The challenge for re-booters is that we’re already nervous and doubtful about our chances. We already torture ourselves with questions about our sanity and arrogance. We’re nervous nellies who understand that what we want is elusive—but we act out of hope. So then, how do we balance our goals and dreams against the discouraging advice of others? Can we benefit from their cautionary wisdom without being deterred? Can we make sense of what people who seem to know more than we do when they tell us we’re overreaching?




In many respects, I feel like Lab Rat A in this experiment. For over the past two years, as I’ve uprooted my life and reversed course in my career, I’ve been blindly stumbling along a foggy path where I’m not 100% sure of where I’m going or what I’m doing. I’ve launched a blog where I share these adventures and observations, but who knows if it’s had any impact at all. I read articles about the exponentially diminishing prospects of the long term unemployed. The world is a hive of activity and I’m stuck in a beaker, looking out. So, what do I do? I do what I can. I do what’s in front of me. I follow conventional wisdom about what I “should” be doing, but add in my own private efforts for the parts that really interest me. And I only selectively listen to those who tell me they’re being honest about my chances.


And then, I hope.


What about you?

Our Only Option: Changing Ourself

February 20, 2014

So much of being a re-booter requires us to take action. Such actions include changing the way we respond to others, changing our interpretations of past events, or questioning our fixed ideas. In order to move closer to what we want, Re-booters take steps to shift our circumstances which then leads to more and greater change. In short, it can feel like a merry-go-round where we’re the only gerbils on the wheel. And, in many respects, this is true. We can only change ourselves—there is often little we can do to change our immediate circumstances and next to nothing we can do about the people around us.


But, despite all this, just changing ourselves accomplishes quite a lot because it transforms our experience. This, my friends, is the key. Because if I change my perspective on what’s important to me—if, for instance, your approval is no longer something I seek–then there is a domino effect for what happens next. I no longer am cowed by your threat of anger or disapproval. Thus, I may decide to do something entirely different from what I’ve done before. Do you see how this works? It’s really quite liberating!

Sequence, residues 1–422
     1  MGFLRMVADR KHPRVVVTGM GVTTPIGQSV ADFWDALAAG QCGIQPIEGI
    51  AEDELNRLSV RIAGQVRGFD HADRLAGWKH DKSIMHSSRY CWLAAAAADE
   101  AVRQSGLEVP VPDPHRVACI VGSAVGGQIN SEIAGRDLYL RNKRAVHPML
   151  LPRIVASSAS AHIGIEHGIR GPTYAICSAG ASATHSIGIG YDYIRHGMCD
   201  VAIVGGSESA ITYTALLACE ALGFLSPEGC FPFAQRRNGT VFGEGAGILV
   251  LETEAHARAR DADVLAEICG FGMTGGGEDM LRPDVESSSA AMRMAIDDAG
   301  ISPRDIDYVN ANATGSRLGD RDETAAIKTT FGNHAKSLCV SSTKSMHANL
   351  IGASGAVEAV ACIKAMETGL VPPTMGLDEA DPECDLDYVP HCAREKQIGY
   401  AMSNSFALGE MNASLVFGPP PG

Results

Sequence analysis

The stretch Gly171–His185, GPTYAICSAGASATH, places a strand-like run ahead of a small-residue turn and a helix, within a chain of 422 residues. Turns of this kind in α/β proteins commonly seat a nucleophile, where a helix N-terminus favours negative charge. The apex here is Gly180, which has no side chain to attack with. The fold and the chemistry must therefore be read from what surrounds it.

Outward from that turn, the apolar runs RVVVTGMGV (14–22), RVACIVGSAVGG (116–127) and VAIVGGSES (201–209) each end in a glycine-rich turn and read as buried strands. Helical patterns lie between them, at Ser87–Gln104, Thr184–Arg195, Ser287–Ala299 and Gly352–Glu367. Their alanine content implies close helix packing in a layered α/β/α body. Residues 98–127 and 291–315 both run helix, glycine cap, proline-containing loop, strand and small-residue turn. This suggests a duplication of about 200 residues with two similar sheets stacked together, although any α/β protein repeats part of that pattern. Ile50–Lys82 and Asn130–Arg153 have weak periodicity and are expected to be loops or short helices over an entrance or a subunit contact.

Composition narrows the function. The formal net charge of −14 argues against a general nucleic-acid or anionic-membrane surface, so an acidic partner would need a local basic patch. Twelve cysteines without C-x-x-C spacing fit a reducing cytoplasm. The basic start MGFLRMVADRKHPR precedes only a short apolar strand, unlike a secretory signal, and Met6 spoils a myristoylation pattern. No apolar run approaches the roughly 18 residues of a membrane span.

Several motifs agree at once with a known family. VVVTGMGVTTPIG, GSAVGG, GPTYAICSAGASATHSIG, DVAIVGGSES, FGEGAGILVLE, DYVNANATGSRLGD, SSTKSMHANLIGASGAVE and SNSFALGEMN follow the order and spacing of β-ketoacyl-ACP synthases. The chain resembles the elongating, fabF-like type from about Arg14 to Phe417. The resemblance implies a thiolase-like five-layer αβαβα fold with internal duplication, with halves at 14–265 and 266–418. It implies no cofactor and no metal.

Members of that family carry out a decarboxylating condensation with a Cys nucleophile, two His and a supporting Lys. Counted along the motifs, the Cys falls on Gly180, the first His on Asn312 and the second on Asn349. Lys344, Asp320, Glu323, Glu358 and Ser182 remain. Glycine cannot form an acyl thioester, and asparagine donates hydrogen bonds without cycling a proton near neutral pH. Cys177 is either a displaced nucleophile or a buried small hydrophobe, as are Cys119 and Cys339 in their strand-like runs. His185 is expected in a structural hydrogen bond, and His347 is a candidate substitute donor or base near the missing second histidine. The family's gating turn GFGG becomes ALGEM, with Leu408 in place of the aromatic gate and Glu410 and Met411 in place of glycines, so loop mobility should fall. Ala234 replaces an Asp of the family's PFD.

I know that for me, in my life, I have chased after approval from various figures. I hungered for it, blossoming when granted and despairing if withheld. And, only when my Seuss-like world got so topsy-turvy and crazy making that I knew it was impacting me in a very negative and serious way, did I finally start to question if turning myself into a psychotic pretzel in order to win that praise was worth it. (Not totally dissimilar to an addict chasing after their next high from a drug dealer.) But, once I shifted my perspective on the situation and people involved, everything changed for me. I couldn’t change them or the circumstances, but I could change me. In the immediate aftermath, this caused a lot of problems, but, ultimately, this shift was my salvation.


And your point is?


My point is two-fold: 1) oftentimes, it doesn’t even occur to us that our life needs changing until circumstances get so atrocious that we despair, wondering what in the world went wrong, and 2) the spur for change can be anger. In fact, it most often is. Why would we change if we’re content?


I have always been taught to fear anger—the anger in me and anger in others. And, overall, I believe anger is a negative and dangerous force, but it can serve to propel us forward if used appropriately. If we have the skills to channel it. When a child is angry they hit: this is bad. When a re-booter uses their anger to recognize a problem and then decides to alter something in their life in order to eliminate or resolve it: this is good. But, what’s even more promising is what happens after you’ve made the change because now is the time to reflect and be grateful for what happened. It’s the chance to forgive and release the originator of the angering actions; if it weren’t for them, you wouldn’t be in this better, stronger, more knowledgeable place now.


One of the things we re-booters have in common is that we’ve all had our share of bumps in the road. We’ve struggled, we’ve been hurt, and we’ve made mistakes. Welcome to humanity. But, what distinguishes us from everyone else is that we recognize the power of change and we understand that the only person we can change is ourself. It’s a heady, sometimes lonely feeling concept, but it’s also non-negotiable: we are the only thing we can change. We can’t change our spouses or bosses or friends or the guy down the street. And they’re not gonna change for us. Our bruises and scars serve as reminders of where we’ve been and just how far we’ve come, but they won’t fully heal if we keep poking at ‘em. What prompts our need to change can come from a variety of directions, but whatever the source—even if it is anger—we need to respect this inner voice telling us something is seriously amiss. Our need for change doesn’t go away. We may bury it. We may be so fearful that we pretend it’s not there. We may blame others for the problem. But none of our rationalizations will make that pull subside.


What’s pulling at you?